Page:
47According to this view, when it comes to the expressive character of a piece of music there is little if any room for decision. Surely, to appreciate the music’s expressive quality we must first be able to hear it as music and follow its development (Kivy 1989, 86-91). However, once that happens, expressiveness “comes with the territory” (Kivy 1990, 183). The expressive properties associated with a given piece of music are determined once and for all by an innate disposition to animate the musical material and perceive its resemblance to human expressive behavior. If musical expressiveness has a history, it is merely a natural history, one could say. To be more precise, what evolves are the musical structures that are used in order to create music that is expressive of a given expressive property, while the expressive properties connected to a given musical structure remain unaltered. The role of the composer’s choice is limited to the selection of musical material that is suitable to manifest the intended expressive property; the role of the listener is that of following the music in its formal development.
48Against this, Piana would say that the same work of music may change in its expressive character depending on the imaginative syntheses that are taken up by different communities of listeners. From this follows that Piana’s framework is only able to determine in broad strokes the expressive properties that belong to a given work, perhaps along the lines of its overall emotional valence (positive or negative). However, once a given musical element is put to the service of a given expressive project, and thus valued imaginatively in a specific way, it might be able to express highly specific emotional states.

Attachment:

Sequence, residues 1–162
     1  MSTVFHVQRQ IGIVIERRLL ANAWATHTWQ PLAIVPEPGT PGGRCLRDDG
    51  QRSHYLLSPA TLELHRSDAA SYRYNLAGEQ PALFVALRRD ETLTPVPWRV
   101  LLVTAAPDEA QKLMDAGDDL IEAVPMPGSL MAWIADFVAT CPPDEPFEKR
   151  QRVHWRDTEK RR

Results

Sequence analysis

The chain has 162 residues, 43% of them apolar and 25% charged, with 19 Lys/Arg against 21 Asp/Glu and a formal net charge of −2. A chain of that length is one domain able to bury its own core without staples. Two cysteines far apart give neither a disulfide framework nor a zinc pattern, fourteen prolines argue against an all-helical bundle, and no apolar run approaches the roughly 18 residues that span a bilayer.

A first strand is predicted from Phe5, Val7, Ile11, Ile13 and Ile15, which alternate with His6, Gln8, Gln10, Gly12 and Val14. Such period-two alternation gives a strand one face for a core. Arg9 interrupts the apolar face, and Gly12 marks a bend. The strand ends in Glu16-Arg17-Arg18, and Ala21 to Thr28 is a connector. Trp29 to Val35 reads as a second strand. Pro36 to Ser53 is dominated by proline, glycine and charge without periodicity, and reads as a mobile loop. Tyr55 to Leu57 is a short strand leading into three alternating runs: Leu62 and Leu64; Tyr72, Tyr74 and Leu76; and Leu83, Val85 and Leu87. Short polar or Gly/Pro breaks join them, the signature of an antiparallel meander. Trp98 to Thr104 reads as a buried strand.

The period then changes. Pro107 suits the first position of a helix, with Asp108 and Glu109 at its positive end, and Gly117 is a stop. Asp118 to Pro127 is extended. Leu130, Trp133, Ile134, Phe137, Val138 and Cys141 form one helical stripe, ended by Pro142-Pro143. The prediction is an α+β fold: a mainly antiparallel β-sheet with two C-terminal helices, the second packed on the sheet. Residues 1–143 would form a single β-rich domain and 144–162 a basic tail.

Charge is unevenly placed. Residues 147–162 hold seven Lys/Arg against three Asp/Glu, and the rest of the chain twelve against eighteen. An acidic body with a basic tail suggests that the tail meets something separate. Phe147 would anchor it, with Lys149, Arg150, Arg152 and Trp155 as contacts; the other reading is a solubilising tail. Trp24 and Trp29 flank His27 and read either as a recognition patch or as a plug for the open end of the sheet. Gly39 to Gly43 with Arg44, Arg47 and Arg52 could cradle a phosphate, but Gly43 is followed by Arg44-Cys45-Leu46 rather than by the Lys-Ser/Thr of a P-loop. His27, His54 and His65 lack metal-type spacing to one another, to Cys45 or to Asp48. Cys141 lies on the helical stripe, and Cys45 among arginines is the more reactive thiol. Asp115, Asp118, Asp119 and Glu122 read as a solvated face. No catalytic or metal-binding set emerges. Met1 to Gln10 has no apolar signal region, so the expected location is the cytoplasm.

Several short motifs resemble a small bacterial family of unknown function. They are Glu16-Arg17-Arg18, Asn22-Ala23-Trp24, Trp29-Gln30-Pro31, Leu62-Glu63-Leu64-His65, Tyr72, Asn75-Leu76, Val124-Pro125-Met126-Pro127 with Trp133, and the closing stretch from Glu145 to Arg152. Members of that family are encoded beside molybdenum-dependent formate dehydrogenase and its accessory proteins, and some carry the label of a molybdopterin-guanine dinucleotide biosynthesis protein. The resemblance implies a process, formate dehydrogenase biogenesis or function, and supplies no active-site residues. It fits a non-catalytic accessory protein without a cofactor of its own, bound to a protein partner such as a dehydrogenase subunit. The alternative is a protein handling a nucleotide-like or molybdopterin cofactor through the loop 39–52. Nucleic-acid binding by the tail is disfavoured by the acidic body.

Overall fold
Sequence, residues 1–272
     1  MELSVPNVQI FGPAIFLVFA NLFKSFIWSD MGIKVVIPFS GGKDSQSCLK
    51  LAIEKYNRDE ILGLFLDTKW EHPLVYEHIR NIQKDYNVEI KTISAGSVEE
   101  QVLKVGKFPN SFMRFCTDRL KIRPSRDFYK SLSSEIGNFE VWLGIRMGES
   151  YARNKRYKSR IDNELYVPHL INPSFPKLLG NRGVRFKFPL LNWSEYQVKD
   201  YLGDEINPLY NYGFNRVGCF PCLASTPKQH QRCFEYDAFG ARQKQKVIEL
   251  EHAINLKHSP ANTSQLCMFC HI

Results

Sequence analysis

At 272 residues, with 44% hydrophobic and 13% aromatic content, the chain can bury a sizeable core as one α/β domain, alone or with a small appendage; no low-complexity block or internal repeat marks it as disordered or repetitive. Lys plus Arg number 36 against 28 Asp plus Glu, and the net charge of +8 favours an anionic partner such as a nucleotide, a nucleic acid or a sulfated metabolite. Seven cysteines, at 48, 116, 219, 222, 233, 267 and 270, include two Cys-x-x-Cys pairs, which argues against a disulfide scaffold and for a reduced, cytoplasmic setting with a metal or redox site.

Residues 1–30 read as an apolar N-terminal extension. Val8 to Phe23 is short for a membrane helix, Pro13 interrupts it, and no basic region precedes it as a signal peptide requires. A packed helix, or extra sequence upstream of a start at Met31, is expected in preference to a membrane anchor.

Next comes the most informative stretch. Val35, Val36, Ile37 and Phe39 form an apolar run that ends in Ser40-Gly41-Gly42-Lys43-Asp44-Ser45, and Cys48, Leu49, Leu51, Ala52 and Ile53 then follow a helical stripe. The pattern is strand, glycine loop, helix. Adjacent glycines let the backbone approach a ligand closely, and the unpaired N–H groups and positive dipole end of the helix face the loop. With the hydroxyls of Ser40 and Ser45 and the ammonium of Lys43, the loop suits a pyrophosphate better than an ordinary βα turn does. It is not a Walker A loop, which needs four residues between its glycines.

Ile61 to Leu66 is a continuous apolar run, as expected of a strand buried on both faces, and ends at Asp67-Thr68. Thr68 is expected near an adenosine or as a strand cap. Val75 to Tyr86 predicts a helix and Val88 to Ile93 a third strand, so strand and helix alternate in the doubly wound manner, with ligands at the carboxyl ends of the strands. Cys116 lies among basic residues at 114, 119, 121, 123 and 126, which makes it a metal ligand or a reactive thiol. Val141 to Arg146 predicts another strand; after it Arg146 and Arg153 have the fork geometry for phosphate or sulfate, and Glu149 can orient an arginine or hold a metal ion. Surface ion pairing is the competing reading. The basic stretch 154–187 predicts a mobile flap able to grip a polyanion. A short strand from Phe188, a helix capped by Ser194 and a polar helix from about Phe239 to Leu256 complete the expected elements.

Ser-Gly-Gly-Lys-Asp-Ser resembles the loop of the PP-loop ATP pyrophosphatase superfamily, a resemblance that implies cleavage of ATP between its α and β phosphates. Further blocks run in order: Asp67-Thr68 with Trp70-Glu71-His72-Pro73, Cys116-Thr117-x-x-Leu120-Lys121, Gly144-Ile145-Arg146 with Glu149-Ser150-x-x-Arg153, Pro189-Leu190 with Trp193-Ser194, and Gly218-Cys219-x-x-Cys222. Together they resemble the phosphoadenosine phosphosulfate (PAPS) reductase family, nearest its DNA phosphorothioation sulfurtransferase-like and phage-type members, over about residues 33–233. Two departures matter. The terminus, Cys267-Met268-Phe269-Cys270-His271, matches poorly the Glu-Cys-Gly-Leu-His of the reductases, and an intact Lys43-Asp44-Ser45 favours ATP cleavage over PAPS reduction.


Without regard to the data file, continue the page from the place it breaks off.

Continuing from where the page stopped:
49It is useful to compare Piana’s view with a position defended by Hermann Lotze in his Geschichte der Ästhetik in Deutschland (1898). Lotze takes issue with Eduard Hanslicks’s On the Musically Beautiful (1854), which arguably still counts as the most paradigmatic example of formalism in music.28 According to Lotze, Hanslick has incorrectly contrasted music’s capacity to suggest the dynamic form of objects and events with its alleged inability to express emotions in any determinate sense. Lotze argues that, just like a given piece may give rise to an open but limited range of associations with objects in the external world, it is also able to suggest a range of emotional states that, while perhaps broad, is by no means unconstrained by the piece’s purely musical content. Thus, both musical representation and expressiveness are only broadly determined by the musical material, but nonetheless constrained by it. In Lotze's view, this lack of determinacy and precision conforms however with the goal of music as an art: not to describe or depict (schildern) feelings, but merely to suggest or arouse (erwecken) them. Interestingly, Lotze holds that, when music does produce a more determinate impression, this is not to be intended as part of the music’s content, but rather as “[…] an interpretation, that is added by our imagination”.29
50Piana’s view can be seen as expanding on the role of imagination adumbrated in this passage.
51It might seem that Piana’s view is inimical to the central formalist tenet, according to which music does not acquire its meaning in virtue of its relation to extra-musical elements, but rather possesses an intrinsically and uniquely musical significance. Insofar as musical meaning relies on imaginative syntheses, Piana’s view is decidedly anti-formalist: different extra-musical associations will result in different semantic and expressive properties. At the same time, however, these different possible associations are grounded in the semantic and expressive potential of the music itself, as opposed to being imposed on neutral material. Thus, any understanding of musical meaning requires first an understanding of music qua music, and of the aspects of it that support a given imaginative valuation. Conversely, an understanding of music qua music is already an understanding of its semantic and expressive potential.30